Moms Who Hide Alcoholism

Moms Who Hide AlcoholismBecause alcohol is legal, and use is largely accepted by society, it is the most logical drug for people to use when seeking a buzz or high. Alcoholism can affect anyone, not just the old, disheveled bum on the street or the wild, partying college student; mothers can develop drinking problems just as well as anyone else. In fact, mothers are loaded with responsibility and stress; they may be more susceptible to alcoholism than one would think. Here are the top reasons why moms start abusing alcohol:

  • To relax. Alcohol is a depressant and it calms and relaxes one’s nerves. High stress, pressure and responsibility can become overwhelming and trigger alcohol abuse.
  • To escape. Mother’s can become bored, malcontent, or unsatisfied with their mundane life, especially with newborns, and need to get away for awhile. Mother’s may also be exhausted and need an escape from their chaotic, hectic lifestyle.
  • To cope. Alcohol can be used as a coping mechanism for emotional pain or trauma.
  • To feel alive. Some mothers miss going out and having a good time or want to feel young again. No person wants to lose their sense of excitement, and alcohol can give them feelings of youth or energy.
  • To block out physical and emotional pain. After childbirth some women experience post-partum depression or anxiety. These conditions are psychologically exhausting. By drinking a woman is able to temporarily numb that emotional pain.

How to Tell If Your Mom Is Hiding a Drinking Problem

Some alcoholics may be functional alcoholics, which means they can still function and behave normally while dealing with addiction. Many moms try to hide their alcohol abuse and continue with their daily tasks and responsibilities making it difficult for friends and family to spot a drinking problem. If you believe your mom may have a drinking problem, look for the following symptoms:

  • Neglecting responsibilities and other activities
  • Excessive use or drinking more than intended
  • Tolerance or the need to consume larger amounts of alcohol in order to get a buzz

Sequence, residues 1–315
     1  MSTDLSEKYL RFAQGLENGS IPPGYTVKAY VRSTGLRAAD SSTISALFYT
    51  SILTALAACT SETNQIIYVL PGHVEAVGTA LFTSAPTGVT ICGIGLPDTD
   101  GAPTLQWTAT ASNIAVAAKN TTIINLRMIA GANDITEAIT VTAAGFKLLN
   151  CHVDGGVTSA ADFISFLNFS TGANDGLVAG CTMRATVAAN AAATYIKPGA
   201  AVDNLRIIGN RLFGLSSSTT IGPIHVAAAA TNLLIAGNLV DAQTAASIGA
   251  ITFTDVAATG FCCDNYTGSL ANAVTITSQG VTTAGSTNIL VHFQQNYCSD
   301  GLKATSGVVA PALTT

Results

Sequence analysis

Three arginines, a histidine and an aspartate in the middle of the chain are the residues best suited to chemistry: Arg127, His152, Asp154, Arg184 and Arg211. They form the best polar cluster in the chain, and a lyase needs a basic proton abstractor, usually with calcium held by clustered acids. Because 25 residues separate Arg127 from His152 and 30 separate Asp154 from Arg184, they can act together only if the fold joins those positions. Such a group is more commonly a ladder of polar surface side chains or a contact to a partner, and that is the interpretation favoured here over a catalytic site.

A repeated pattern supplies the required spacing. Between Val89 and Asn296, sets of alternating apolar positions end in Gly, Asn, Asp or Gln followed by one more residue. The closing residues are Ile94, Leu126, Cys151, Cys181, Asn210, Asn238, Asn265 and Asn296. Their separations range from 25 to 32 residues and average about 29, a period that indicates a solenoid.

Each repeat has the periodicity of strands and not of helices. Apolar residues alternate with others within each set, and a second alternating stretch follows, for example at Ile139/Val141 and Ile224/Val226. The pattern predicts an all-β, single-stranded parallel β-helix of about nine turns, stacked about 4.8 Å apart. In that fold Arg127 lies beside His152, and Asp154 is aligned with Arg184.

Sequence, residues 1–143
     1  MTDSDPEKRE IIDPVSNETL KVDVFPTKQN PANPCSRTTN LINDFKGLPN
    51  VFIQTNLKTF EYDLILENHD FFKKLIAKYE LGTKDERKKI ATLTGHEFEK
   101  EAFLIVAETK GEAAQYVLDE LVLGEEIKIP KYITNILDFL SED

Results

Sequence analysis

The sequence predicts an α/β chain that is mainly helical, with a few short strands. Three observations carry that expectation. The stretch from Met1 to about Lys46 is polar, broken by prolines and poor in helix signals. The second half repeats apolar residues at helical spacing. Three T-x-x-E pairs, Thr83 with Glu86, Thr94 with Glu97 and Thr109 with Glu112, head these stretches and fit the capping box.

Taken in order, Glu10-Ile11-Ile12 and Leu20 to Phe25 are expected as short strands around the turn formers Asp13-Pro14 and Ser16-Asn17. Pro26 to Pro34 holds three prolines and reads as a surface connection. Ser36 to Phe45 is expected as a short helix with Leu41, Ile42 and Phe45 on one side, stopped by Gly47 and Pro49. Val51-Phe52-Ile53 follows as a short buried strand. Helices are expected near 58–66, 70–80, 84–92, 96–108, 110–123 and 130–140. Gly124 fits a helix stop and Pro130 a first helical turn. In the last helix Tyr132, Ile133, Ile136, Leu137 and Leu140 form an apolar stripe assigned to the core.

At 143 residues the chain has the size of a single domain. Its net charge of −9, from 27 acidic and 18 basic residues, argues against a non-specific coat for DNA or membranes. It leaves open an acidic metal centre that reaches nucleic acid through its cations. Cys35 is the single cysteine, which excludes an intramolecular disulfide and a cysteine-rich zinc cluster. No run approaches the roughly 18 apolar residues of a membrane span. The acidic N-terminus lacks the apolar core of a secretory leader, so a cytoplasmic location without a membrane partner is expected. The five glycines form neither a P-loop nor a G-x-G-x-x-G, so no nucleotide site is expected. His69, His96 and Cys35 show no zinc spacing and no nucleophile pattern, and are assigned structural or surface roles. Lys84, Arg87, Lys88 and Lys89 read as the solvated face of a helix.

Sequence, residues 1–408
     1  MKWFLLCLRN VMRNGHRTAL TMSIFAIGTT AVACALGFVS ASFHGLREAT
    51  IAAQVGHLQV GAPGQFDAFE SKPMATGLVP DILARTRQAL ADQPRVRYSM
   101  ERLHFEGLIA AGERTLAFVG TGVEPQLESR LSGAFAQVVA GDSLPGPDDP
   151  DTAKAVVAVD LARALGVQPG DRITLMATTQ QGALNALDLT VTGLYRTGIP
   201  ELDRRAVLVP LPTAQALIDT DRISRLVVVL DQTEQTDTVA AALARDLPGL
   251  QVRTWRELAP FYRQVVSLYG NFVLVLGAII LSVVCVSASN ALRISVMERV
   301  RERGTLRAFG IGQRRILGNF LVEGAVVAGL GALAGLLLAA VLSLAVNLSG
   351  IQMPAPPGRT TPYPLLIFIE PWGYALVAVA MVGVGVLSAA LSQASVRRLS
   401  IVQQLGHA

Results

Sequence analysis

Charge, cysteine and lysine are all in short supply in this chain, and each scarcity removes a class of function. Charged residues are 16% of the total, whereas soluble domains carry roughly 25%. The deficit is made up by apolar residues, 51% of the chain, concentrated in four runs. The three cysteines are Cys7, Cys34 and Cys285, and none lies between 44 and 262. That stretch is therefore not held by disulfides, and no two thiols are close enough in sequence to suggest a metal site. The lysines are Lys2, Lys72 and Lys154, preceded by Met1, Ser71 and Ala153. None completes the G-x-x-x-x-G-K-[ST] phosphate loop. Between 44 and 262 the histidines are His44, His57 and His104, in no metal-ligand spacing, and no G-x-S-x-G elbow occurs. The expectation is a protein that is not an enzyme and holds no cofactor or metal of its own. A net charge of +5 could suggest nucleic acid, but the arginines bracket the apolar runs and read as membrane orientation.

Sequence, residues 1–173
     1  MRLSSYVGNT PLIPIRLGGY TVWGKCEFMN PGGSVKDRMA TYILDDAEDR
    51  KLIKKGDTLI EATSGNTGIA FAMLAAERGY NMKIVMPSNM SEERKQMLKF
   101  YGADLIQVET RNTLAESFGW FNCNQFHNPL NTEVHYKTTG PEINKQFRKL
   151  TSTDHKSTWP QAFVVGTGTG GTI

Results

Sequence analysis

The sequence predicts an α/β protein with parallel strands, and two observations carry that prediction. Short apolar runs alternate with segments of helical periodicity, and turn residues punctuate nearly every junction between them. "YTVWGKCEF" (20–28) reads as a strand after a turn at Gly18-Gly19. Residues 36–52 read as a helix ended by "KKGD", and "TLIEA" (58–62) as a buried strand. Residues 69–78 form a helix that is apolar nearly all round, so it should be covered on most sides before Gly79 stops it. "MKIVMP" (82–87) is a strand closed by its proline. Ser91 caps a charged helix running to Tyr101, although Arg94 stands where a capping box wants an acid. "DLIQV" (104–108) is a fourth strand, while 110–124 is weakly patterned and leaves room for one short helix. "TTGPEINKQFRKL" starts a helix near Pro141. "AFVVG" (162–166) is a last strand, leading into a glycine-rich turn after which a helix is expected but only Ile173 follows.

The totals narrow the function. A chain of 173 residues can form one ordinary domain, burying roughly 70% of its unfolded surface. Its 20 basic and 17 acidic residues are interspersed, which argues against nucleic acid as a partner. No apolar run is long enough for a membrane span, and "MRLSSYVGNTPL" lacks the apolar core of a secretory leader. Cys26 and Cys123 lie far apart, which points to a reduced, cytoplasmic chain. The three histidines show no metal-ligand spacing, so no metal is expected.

• Needing alcohol to function
  • Only participating in activities where alcohol is involved
  • Noticeable changes in sleep, eating and grooming habits
  • Black outs, hangovers or vomiting
  • A dramatic change in mood when consuming alcohol
  • Using alcohol as a pick-me-up
  • Hiding drinking from others or exhibiting signs of guilt, secrecy or denial
  • The occurrence of withdrawal symptoms when not drinking

If My Mom Is Not Drinking and Driving, Is Her Drinking Dangerous?

Alcoholism is a brutal disease. The longer it progresses, the more devastation and destruction it can cause. A parent may not demonstrate out-of-control behavior or wild antics while drinking, but that does not mean his or her behavior is harmless. Alcohol intoxication can cripple a person’s physical and mental coordination. The impairment from alcohol can lead to accidental death and injury for the person drinking and everyone surrounding them. A mother’s ability to care for her children becomes impaired while drinking. Long-term alcoholism can destroy relationships and families and pose serious health risks.

How to Approach a Parent about Getting Alcohol Addiction Help

Confronting a parent about his or her drinking problem can be difficult. A child does not want to overstep boundaries, seem foolish or damage the relationship with their mother or father. If you have a parent who is need of treatment help for alcohol abuse, please call our toll-free helpline today. Our highly-trained rehab counselors are here 24 hours a day to answer any questions or concerns you may have and can provide you with as much information as you need about recovery or intervention. The decision to get help for a loved one is courageous and may save a life. You do not have to go through this alone, please call us now. We’re here for you 24 hours a day.